Global population buys one million plastic bottles every single minute

July 3, 2017 by  
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We’re drowning in plastic bottles . You already know plastic water bottle use – and their disposal or lack thereof – is a worldwide dilemma, but new statistics released by The Guardian reveal just how staggering the issue has become. Every minute humans purchase one million plastic bottles, consuming nearly 500 billion a year. And while it’s true many of these bottles can be recycled , it’s becoming harder for us to keep up with the sheer volume of trash that needs recycling, and a great deal of it lands up polluting our oceans . In 2016 humans bought over 480 billion plastic water bottles. But that’s only the beginning of the bad news. Less than half of those 480 billion bottles were collected for recycling. And a mere seven percent of those found a second life as new bottles. What happened to the rest? You guessed it: they’re littering our oceans and landfills . And estimates from Euromonitor International indicate their use will only increase, to 583.5 billion by 2021. Related: Plastic waste pop-up pavilion rethinks recycling in the Netherlands Surfers Against Sewage chief executive Hugo Tagholm told The Guardian, “The plastic pollution crisis rivals the threat of climate change …Current science shows that plastics cannot be usefully assimilated into the food chain . Where they are ingested they carry toxins that work their way on to our dinner plates.” Plastic is already showing up in our food, according to recent studies. Scientists at Belgium’s Ghent University found people who eat seafood unwittingly consume 11,000 tiny plastic pieces yearly. Researchers at Plymouth University in England discovered plastic in one third of fish caught in the United Kingdom. According to The Guardian, plastic was first popularized in the 1940’s – but much of the material manufactured then is still around today because plastic takes hundreds of years at best to break down. These bottles could be comprised of 100 percent recycled plastic , but many brands haven’t made the switch because they prefer the shiny look of traditional plastic. And many companies have fought against a tax on single-use bottles. But a similar tax on plastic bags has been quite successful: England’s five pound plastic bag tax has resulted in usage of the polluting bags plummeting by 85 percent . Via The Guardian Images via Wikimedia Commons and Emilian Robert Vicol on Flickr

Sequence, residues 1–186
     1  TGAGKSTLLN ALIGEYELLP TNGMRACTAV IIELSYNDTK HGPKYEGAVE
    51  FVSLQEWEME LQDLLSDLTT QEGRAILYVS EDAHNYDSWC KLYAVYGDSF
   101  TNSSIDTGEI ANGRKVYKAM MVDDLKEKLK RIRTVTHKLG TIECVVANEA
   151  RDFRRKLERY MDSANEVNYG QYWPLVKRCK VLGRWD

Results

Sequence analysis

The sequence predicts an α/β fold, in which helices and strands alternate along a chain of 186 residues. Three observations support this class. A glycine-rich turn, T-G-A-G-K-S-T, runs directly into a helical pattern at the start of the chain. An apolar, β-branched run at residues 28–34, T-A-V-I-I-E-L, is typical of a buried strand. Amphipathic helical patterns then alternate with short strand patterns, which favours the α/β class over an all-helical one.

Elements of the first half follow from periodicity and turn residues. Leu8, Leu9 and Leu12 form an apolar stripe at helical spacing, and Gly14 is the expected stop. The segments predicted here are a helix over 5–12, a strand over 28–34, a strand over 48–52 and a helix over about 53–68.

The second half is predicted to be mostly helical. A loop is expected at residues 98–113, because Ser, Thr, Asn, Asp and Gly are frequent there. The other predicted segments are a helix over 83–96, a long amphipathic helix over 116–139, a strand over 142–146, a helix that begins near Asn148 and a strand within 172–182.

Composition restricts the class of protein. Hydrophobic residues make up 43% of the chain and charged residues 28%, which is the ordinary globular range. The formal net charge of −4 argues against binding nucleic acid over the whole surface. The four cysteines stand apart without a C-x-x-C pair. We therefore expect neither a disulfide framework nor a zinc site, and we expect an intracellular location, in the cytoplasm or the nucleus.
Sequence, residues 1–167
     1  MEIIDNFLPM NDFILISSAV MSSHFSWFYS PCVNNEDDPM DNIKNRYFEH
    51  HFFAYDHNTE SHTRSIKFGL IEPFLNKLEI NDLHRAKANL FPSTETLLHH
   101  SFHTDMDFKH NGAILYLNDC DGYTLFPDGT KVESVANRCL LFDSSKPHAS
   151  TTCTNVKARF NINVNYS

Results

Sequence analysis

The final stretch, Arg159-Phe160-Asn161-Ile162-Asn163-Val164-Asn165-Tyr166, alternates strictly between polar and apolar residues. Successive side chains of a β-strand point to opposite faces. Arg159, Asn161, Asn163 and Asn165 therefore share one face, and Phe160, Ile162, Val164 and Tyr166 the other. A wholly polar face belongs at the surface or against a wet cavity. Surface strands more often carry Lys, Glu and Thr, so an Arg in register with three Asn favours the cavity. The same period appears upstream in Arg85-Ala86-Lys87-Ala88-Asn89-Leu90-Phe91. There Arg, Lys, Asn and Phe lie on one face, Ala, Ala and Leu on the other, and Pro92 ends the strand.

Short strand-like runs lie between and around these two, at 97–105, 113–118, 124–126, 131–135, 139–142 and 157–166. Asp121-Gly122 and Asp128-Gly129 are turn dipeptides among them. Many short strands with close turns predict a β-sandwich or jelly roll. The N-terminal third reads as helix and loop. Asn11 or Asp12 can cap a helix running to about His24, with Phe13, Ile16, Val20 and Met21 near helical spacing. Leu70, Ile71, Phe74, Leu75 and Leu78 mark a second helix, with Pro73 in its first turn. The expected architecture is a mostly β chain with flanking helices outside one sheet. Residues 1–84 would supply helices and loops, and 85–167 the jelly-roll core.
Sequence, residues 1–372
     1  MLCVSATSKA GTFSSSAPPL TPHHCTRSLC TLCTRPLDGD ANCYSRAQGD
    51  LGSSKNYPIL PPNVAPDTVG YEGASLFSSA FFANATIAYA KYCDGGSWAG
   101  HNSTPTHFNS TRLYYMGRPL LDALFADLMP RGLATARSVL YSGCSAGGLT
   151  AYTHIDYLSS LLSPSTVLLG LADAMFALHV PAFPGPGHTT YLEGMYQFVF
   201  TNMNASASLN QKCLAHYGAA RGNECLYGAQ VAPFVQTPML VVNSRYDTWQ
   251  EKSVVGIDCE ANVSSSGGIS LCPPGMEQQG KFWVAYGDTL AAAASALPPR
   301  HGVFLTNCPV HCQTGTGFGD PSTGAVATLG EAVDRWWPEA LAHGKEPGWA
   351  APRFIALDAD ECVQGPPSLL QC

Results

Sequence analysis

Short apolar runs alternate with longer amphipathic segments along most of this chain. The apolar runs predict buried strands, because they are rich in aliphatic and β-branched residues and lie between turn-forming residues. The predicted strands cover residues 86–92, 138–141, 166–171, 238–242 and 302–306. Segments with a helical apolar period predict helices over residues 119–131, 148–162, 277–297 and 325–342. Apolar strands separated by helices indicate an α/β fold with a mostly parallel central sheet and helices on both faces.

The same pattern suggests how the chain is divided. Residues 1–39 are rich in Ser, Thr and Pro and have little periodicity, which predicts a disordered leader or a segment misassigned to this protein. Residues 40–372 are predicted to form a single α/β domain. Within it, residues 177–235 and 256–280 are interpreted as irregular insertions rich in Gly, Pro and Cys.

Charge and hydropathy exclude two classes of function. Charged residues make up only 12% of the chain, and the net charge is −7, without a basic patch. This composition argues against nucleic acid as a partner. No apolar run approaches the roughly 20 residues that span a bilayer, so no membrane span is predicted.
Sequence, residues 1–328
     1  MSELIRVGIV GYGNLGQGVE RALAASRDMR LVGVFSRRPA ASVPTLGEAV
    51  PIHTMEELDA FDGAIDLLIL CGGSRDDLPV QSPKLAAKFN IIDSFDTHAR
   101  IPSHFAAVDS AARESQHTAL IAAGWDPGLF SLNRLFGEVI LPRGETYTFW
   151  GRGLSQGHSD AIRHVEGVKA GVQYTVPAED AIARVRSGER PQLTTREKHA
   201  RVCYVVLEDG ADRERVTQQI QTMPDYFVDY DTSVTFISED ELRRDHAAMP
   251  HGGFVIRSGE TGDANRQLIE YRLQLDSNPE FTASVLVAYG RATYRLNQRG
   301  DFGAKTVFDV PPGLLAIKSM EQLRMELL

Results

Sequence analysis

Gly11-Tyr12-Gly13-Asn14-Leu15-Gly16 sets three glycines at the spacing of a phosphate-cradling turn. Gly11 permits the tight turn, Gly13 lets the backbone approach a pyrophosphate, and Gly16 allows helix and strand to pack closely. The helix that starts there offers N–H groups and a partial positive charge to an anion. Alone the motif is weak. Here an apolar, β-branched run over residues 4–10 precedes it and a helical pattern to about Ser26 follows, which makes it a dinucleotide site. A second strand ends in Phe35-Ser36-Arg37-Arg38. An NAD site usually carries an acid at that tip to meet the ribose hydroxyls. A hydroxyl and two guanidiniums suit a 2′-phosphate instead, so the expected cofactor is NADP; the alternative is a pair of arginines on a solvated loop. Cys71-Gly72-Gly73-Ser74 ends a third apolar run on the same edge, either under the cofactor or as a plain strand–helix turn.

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Global population buys one million plastic bottles every single minute

Artist recycles old typewriters into beautiful guns

July 3, 2017 by